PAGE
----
Secondly, the terrain is extremely deceptive; from the head of Loch Thollaidh - where Allan M`Leod left his boat - the little promontory is much further by land than the view from the A832 suggests, because there is a wide hidden bay. Even unencumbered by fishing gear, it takes about 45 minutes to walk round the shore (the higher the water level, the longer the route.) However, it would take only about ten minutes by boat, and thus it would make sense for both Allan and his brothers to use one. Furthermore, this site would also explain why no boat is mentioned in the account of the abduction of the children; they could have been taken on foot - via the narrow neck of the promontory - along the southern shore of Loch Thollaidh. This would also resolve that other gruesome little puzzle - the reason why the murders and burial of the bodies took place at Crag Bhadan an Aisc - for it is about here that a path round the south side of the loch would have met the track which is now the A832. Furthermore the spot is hidden from the promontory, where, no doubt, their anxious mother had watched them until they were out of sight.

Is there any actual evidence on the promontory? Perhaps most significant are two (possibly three) depressions across the narrowest part of the `neck`, which look very much like silted up ditches. Such ditching (defensive against livestock as well as man) is typical of promontory fortlets. There are other hints too. On the north side of the promontory itself there is a hump of natural rock and, immediately south, in its lee, a flat area ideal for a dwelling. On the `nose` of the promontory, a small, sheltered, `harbour` - is ideal for beaching a small boat or two. On the north-east side, several heavy blocks toppled into the water, hint at some sort of `works`. Speculation all this may be, but it does make sense of the repeated references (and that significant non-reference!) to use of a `boat` in Dixon`s account.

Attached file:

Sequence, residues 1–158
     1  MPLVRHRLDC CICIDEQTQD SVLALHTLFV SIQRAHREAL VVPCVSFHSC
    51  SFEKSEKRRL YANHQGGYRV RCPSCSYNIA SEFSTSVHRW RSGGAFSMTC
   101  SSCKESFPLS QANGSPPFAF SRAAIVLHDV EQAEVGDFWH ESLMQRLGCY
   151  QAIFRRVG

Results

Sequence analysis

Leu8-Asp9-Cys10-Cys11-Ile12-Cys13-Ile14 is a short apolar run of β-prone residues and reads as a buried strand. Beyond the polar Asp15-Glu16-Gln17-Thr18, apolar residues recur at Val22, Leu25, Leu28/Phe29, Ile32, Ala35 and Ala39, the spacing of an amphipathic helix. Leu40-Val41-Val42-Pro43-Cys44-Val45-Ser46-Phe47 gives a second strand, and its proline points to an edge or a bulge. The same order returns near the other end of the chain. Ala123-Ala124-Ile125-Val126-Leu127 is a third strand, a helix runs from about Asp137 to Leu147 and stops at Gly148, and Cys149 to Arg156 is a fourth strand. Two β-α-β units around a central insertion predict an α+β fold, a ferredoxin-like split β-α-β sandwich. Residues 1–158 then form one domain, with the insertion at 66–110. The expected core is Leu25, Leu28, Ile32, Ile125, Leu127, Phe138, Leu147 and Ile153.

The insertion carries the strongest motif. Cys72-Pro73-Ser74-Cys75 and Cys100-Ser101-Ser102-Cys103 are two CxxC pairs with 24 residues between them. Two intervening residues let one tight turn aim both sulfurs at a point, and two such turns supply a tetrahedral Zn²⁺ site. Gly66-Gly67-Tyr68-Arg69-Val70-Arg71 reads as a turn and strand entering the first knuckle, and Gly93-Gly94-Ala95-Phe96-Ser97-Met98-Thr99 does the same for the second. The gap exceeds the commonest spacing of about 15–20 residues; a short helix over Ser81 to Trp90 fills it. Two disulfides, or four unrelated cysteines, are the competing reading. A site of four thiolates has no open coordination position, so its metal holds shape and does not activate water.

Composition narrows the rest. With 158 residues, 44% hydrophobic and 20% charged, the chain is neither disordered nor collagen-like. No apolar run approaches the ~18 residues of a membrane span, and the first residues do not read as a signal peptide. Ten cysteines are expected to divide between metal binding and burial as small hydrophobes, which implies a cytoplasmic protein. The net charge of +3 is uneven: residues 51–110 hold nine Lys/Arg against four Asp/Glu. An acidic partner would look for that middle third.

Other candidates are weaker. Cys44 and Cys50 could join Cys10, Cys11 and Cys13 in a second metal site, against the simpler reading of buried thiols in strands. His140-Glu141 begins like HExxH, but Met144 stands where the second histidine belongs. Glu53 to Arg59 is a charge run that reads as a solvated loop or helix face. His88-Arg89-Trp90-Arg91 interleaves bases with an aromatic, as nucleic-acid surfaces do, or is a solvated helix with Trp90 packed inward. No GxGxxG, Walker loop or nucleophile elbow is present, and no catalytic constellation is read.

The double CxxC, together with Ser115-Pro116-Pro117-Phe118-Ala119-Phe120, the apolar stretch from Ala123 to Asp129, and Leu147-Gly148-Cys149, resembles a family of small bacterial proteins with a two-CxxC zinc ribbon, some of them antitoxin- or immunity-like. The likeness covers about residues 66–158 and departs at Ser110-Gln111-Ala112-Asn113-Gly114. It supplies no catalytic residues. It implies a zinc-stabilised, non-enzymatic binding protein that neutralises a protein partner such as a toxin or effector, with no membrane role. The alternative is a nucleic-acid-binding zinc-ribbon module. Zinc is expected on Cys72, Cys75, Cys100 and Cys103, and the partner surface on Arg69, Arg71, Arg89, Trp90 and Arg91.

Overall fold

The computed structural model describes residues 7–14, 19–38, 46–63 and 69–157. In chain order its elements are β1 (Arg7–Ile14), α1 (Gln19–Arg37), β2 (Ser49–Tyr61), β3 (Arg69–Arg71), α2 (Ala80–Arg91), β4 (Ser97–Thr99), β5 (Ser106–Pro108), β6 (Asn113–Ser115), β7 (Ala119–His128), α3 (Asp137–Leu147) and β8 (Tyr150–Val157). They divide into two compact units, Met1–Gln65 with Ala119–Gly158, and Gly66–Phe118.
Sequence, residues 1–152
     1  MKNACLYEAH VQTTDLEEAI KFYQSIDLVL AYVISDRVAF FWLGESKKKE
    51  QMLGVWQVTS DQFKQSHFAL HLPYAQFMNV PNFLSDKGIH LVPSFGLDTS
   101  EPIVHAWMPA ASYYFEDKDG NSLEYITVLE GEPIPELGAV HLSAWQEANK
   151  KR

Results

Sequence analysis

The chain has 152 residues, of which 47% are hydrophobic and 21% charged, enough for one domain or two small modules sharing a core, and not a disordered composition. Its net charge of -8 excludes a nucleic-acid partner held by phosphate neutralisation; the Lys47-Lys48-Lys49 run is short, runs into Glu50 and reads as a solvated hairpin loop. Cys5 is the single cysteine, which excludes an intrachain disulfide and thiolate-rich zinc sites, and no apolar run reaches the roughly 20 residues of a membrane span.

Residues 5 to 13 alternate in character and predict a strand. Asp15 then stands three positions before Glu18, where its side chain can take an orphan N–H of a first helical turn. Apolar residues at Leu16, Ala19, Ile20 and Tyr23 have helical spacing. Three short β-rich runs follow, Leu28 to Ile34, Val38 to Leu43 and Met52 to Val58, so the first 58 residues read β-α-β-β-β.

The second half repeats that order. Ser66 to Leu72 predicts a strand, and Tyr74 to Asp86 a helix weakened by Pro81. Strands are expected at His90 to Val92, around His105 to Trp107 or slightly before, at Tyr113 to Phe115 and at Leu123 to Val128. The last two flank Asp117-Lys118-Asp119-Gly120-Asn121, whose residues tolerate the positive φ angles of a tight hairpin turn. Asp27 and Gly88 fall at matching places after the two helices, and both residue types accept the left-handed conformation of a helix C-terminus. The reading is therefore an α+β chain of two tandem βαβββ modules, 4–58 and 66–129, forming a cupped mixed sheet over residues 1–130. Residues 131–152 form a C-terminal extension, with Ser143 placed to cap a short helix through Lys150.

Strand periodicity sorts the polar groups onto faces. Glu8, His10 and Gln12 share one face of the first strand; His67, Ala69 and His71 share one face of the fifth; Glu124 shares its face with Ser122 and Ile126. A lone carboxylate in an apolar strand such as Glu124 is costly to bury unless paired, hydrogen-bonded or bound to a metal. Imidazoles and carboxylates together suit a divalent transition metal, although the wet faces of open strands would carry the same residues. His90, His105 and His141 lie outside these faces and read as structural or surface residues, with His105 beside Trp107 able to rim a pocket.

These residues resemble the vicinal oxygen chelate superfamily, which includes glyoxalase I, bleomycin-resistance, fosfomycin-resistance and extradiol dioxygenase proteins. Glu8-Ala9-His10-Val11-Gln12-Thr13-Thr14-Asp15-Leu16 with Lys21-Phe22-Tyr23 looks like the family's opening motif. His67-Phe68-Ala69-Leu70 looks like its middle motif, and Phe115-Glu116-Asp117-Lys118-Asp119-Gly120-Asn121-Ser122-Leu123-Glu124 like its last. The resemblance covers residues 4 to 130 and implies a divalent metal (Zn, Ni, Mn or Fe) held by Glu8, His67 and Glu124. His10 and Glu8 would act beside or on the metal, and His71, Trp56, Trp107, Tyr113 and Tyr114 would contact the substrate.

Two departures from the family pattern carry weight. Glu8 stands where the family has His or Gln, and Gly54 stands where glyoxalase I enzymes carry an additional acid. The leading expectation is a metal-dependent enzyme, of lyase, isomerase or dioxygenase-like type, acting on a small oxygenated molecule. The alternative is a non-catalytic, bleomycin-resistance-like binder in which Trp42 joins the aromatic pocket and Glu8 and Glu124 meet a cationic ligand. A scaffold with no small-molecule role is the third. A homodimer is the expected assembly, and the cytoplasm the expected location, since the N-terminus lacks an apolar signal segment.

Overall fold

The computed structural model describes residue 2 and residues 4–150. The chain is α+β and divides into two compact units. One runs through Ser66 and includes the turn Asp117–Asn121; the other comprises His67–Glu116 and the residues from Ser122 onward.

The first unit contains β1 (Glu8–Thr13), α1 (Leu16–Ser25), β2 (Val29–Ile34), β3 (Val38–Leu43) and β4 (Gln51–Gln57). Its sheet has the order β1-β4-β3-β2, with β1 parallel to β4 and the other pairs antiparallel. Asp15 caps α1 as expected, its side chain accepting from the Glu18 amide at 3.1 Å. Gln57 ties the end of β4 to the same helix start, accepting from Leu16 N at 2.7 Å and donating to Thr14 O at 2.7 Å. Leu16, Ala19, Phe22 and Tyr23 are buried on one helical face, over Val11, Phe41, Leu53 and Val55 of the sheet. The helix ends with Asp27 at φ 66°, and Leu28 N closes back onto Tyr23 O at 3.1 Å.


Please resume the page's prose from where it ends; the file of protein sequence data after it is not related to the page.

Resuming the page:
Finally, why might he and the cartographers have got it wrong? Probably, over time, the precise location of the `fortalice` had become vague - after all, it cannot be distinguished from the road - and Dixon assumed that `living on Loch Thollaidh` implied `on an island`. Also it must be remembered that Gaelic-speaking areas were first mapped by O.S. Surveyors who `had not the tongue` and we know they frequently misinterpreted local information. It would require careful excavation to test this hypothesis further; perhaps one day the Gairloch Heritage Museum will secure funds to solve the final mystery of the Tollaidh Murders?

© Ian Blake 2001
This article was first published in the Gairloch & District Times.

Additional Notes provided later by N C Hulme:

  1. The place referred to is named by Dixon as Na Clachan Garbh; this is where the house of Mrs Wilkie (wife of former headteacher of Gairloch High School) now stands.
  2. Regarding the location of Cnoc na Mì-chomhairle, the site of the murder of Allen Macleod - reference to Dixon`s book reveals that the writer believed this hill to be situated where a Kenneth Urquhart had built his house. By studying the valuation rolls for the 1880s in the museum, it was found that this man occupied croft no. 9 and on the 1875 Ordnance Survey map, the only house on that croft is on the site of the house currently occupied by Dr Marshall. This research along with other clues from Dixon suggests that this is the location of the Hill of Evil Counsel.